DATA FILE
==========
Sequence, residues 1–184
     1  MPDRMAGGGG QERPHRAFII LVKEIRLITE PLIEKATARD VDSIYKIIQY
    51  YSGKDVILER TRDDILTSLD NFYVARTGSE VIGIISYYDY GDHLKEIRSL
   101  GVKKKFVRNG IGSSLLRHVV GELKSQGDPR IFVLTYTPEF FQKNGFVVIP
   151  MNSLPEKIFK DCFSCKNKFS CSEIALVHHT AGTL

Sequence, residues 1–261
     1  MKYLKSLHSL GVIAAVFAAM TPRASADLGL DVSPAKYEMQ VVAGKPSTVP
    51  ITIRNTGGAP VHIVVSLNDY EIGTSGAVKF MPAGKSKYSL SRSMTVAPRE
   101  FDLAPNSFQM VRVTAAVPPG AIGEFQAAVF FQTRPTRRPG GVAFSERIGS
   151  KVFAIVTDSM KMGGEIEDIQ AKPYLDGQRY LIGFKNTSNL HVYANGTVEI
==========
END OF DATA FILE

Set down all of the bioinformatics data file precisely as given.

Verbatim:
Sequence, residues 1–184
     1  MPDRMAGGGG QERPHRAFII LVKEIRLITE PLIEKATARD VDSIYKIIQY
    51  YSGKDVILER TRDDILTSLD NFYVARTGSE VIGIISYYDY GDHLKEIRSL
   101  GVKKKFVRNG IGSSLLRHVV GELKSQGDPR IFVLTYTPEF FQKNGFVVIP
   151  MNSLPEKIFK DCFSCKNKFS CSEIALVHHT AGTL

Sequence, residues 1–261
     1  MKYLKSLHSL GVIAAVFAAM TPRASADLGL DVSPAKYEMQ VVAGKPSTVP
    51  ITIRNTGGAP VHIVVSLNDY EIGTSGAVKF MPAGKSKYSL SRSMTVAPRE
   101  FDLAPNSFQM VRVTAAVPPG AIGEFQAAVF FQTRPTRRPG GVAFSERIGS
   151  KVFAIVTDSM KMGGEIEDIQ AKPYLDGQRY LIGFKNTSNL HVYANGTVEI